Lorna Robinson reflects on the Iris project.
Lorna Robinson and David Gimson (Museum Lead at Cheney) in the Ashmolean Museum.
On 12th March, on a coach taking sixth formers to a UCAS convention, I received an email informing me that our Rumble Museum had received full Arts Council accreditation, making it the first accredited museum in a UK school. A week later, the government announced all schools were to close indefinitely to most pupils. A whole new era was dawning, and one which is filled with deep uncertainty.
This article is about the journey to get to this point, the reasons for doing it, and the benefits we have seen so far.
The Iris Project was founded early in 2006 as an initiative to promote access to Classics in state schools, to inspire and nurture interest in these subjects, and to give more children the chance to study and benefit from Classical languages, literature, history, philosophy and culture. I was lucky enough to have studied these subjects at school, and I knew I wanted to be part of making them accessible to others.
It started with Iris magazine, a new classics magazine which I hoped would present classical topics in accessible, light-hearted, modern and unusual ways, and running after-school lessons for Latin and Greek in state schools, but in its earliest stages, I had not planned to launch a project on the school curriculum.
Not long after I had begun these projects, in May 2006, I was contacted by the chair of Governors at a primary school in Hackney, where most of the children were on free school meals and where many different languages were spoken at home. He asked if Latin could be run at this school. I wrote a course that summer, and in September 2006 I was ready to start teaching Latin on the literacy time table to two year five classes at the school, as well as a class at a school at the east side of Oxford with a very similar demographic.
The lesson plans were designed to support and enhance the national curriculum literacy strategies, and to provide an enjoyable, unique and accessible introduction to Latin for large mixed-ability classes. I based them around a series of activities, which included Latin and storytelling using Ovid’s Metamorphoses. The storytelling aspect was there to give some context to the Latin, promote a broader array of literacy skills and of course to give a taste of the magic that Classics has to offer. Activities involved a whole range of things, from using jigsaw pieces to teach inflection and making spider webs and flowers to display how Latin and English words were connected, to making road signs to teach imperatives, and writing votive tablets and ancient menus to broaden vocabulary and introduce aspects of culture. The focus was on using a wide range of creative approaches – games, art, crafts and storytelling – to explore and play with language and myth. This course formed the basis of the storybook course Telling Tales in Latin, which we now use with the schools.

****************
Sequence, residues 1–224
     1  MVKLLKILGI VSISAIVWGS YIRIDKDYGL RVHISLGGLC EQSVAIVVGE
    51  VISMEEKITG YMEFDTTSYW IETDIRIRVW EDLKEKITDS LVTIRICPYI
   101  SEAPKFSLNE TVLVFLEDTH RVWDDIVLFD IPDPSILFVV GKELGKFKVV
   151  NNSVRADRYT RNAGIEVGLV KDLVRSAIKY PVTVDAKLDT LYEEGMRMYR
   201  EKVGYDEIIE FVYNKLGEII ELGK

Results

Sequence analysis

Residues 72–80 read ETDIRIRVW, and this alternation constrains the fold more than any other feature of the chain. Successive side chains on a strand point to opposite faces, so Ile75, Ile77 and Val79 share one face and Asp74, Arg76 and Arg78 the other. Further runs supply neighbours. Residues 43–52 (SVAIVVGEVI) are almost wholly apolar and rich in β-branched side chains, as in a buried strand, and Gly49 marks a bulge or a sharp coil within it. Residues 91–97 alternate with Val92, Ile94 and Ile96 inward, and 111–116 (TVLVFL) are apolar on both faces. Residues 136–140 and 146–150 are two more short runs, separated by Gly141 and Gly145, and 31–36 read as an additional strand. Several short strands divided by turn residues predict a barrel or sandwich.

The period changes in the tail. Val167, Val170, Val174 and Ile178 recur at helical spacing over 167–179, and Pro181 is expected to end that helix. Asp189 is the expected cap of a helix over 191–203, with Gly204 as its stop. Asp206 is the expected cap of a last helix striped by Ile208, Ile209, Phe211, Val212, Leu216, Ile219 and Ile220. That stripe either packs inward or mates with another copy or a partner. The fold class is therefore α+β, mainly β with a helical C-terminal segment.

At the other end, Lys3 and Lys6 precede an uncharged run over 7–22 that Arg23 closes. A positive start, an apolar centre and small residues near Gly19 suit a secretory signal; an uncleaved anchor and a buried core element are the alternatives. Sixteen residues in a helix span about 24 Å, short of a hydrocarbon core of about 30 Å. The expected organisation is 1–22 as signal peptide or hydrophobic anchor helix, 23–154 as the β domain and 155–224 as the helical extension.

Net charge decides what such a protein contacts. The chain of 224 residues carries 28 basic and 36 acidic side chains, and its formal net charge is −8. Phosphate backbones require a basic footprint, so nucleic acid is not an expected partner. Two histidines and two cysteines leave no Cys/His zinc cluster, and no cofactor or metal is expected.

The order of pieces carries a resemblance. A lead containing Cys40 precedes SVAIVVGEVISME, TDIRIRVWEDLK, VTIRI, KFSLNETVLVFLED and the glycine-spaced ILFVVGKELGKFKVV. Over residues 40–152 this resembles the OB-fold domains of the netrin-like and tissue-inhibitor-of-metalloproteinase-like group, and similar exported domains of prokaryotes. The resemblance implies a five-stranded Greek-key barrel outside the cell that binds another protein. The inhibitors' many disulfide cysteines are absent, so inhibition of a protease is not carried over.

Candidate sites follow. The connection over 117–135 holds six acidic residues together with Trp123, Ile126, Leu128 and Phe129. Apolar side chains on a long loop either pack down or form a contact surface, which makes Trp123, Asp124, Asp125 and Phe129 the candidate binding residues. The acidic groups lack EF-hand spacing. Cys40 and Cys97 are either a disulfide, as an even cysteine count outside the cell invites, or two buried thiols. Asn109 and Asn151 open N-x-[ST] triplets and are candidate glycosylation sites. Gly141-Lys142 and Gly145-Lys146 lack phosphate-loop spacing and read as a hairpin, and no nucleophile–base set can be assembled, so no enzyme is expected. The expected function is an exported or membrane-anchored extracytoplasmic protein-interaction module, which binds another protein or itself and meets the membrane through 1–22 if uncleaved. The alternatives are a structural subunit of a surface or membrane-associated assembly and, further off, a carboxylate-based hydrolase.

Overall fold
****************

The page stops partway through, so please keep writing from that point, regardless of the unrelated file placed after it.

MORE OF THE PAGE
From these first beginnings, the Literacy through Latin project expanded to many more schools in many other cities, including Edinburgh, Reading, Manchester, Swansea, St Andrew’s and Glasgow. Glasgow University took the innovative step of embedding the Literacy through Latin scheme into their undergraduate classics degree, so that students could choose to take part in the project as a module.
Over the many years of running Iris magazine, the Literacy through Latin projects, and also other ventures, from Greek theatre to ancient Olympics, I’d been kindly donated a very interesting range of Greek and Roman artefacts, by a mixture of museums, universities, and individuals. For some years, I would use these as part of workshops, but otherwise they would live in my office at home.
When in 2012 we set up a dedicated Classics Centre at Cheney School in East Oxford, all that started to change. For the first time, Iris had a base, with walls to decorate, and places to store artefacts and use them more readily. Over the next few years of developing the Classics Centre at the school, it occurred to me that I could display the objects around the school and create a museum area. I explored the idea of creating a museum in a school and found out about the Accreditation Scheme. Because I knew so little about running a museum at that point, the process of accreditation seemed the perfect opportunity to learn, with support from a dedicated mentor, how to look after objects, how to catalogue and store them, how to display them, and what a museum could be when it is embedded in a busy school.